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Partner nations’ mortuary affairs skills put to test in live exercise

By Lance Cpl. Zach Altemus | | June 12, 2011

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Jordance Stanotkovski, Macedonian Quick Response Force policeman, assists his fellow Macedonian policeman with the processing of simulated human remains, June 12. The Marines from Personnel and Retrieval Processing Company, 4th Marine Logistics Group, out of Smyrna, Ga. and Anacostia, Washington D.C., came to Macedonia for 2011 Medical Training Exercise in Central and Eastern Europe to teach foreign military services how the U.S. military conducts mortuary affairs. MEDCEUR is an annual Chairman of the Joint Chiefs of Staff-sponsored regional and multilateral exercise and is designed to provide medical training and operational experience in a deployed environment for U.S. and partner nations. The countries participating in this year’s MEDCEUR are Macedonia, Montenegro, Bosnia and Herzegovina, Serbia, Slovenia and Norway

Jordance Stanotkovski, Macedonian Quick Response Force policeman, assists his fellow Macedonian policeman with the processing of simulated human remains, June 12. The Marines from Personnel and Retrieval Processing Company, 4th Marine Logistics Group, out of Smyrna, Ga. and Anacostia, Washington D.C., came to Macedonia for 2011 Medical Training Exercise in Central and Eastern Europe to teach foreign military services how the U.S. military conducts mortuary affairs. MEDCEUR is an annual Chairman of the Joint Chiefs of Staff-sponsored regional and multilateral exercise and is designed to provide medical training and operational experience in a deployed environment for U.S. and partner nations. The countries participating in this year’s MEDCEUR are Macedonia, Montenegro, Bosnia and Herzegovina, Serbia, Slovenia and Norway (Photo by Lance Cpl. Joseph Altemus)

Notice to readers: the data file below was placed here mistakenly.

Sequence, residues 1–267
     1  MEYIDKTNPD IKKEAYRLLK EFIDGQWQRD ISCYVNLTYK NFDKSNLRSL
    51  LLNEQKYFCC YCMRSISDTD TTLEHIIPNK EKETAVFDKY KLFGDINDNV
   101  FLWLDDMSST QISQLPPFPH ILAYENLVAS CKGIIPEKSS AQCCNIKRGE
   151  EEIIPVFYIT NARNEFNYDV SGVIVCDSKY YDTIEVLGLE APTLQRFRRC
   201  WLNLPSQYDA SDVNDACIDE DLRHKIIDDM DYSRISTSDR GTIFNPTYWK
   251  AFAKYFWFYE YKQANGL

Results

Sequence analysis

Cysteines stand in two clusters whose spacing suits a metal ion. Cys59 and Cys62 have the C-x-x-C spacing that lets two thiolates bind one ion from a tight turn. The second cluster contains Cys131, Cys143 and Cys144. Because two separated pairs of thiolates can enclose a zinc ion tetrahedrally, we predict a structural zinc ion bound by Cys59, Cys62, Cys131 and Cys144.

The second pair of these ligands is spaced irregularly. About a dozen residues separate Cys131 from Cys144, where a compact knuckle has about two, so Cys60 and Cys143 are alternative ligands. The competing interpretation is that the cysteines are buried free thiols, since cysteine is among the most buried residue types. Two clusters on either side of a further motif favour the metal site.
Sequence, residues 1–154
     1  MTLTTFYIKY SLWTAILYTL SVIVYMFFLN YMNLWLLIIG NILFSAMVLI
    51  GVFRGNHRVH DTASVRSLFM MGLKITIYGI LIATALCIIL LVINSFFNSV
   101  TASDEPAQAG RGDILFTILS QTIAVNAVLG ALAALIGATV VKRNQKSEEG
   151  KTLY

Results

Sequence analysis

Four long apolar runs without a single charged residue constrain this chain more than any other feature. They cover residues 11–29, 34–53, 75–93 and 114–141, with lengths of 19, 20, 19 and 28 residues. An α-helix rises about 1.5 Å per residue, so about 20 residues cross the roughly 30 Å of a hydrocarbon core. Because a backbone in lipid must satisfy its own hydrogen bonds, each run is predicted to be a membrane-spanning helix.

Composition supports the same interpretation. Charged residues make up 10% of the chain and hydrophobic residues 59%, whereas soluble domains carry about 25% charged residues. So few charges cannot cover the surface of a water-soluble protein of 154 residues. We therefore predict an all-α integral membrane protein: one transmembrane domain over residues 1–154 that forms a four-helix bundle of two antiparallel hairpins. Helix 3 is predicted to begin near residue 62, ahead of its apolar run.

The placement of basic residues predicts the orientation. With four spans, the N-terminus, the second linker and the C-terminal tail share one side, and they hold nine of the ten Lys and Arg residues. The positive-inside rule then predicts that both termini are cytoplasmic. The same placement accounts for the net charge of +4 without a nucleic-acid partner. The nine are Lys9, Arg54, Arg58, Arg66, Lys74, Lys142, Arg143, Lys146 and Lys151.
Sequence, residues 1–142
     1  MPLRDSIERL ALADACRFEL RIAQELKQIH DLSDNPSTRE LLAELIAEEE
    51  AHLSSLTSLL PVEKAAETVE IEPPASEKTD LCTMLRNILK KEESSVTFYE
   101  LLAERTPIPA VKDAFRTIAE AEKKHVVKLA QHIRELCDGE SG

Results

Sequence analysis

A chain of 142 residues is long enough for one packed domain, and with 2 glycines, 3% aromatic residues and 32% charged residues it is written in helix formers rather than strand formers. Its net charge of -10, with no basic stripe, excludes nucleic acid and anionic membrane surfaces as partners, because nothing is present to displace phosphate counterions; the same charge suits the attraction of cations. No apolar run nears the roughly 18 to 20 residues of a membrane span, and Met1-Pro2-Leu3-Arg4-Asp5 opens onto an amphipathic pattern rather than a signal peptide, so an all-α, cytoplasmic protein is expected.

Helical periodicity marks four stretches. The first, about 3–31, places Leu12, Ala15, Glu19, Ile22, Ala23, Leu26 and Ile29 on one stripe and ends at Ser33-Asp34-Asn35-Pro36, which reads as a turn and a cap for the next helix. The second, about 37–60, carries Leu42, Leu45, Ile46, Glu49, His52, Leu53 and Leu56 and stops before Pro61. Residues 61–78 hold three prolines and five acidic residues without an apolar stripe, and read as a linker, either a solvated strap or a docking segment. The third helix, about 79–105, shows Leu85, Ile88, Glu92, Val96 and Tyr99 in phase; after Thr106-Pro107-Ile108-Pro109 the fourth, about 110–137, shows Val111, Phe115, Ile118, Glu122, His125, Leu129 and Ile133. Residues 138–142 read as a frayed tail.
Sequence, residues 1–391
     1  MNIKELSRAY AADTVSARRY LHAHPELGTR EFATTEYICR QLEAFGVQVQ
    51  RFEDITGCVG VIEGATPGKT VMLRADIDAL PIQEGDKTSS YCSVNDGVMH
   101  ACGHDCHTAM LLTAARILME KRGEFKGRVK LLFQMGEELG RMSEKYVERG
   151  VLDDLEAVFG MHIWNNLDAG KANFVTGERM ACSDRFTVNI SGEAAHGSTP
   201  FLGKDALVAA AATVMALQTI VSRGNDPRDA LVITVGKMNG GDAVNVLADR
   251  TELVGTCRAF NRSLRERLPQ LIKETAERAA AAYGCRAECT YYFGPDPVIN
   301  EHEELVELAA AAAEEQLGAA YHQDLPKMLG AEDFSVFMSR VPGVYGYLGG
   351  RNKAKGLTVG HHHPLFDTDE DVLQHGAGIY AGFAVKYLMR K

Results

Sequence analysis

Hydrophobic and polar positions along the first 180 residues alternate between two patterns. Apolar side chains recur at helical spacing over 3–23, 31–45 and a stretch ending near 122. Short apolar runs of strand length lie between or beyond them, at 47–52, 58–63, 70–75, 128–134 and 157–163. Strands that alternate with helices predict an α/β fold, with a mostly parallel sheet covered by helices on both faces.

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Staff Sgt. Vetna Spaseska, Macedonian armed forces nurse, plays the role of “clean hands” and writes down the details of the simulated human remains here, June 12. Whoever played the role of “dirty hands” assessed the body closely and called out the details to the clean hands. The Marines from Personnel and Retrieval Processing Company, 4th Marine Logistics Group, out of Smyrna, Ga. and Anacostia, Washington D.C., came to Macedonia for 2011 Medical Training Exercise in Central and Eastern Europe to teach foreign military services how the U.S. military conducts mortuary affairs. MEDCEUR is an annual Chairman of the Joint Chiefs of Staff-sponsored regional and multilateral exercise and is designed to provide medical training and operational experience in a deployed environment for U.S. and partner nations. The countries participating in this year’s MEDCEUR are Macedonia, Montenegro, Bosnia and Herzegovina, Serbia, Slovenia and Norway. ::r::::n::::r::::n::::r::::n::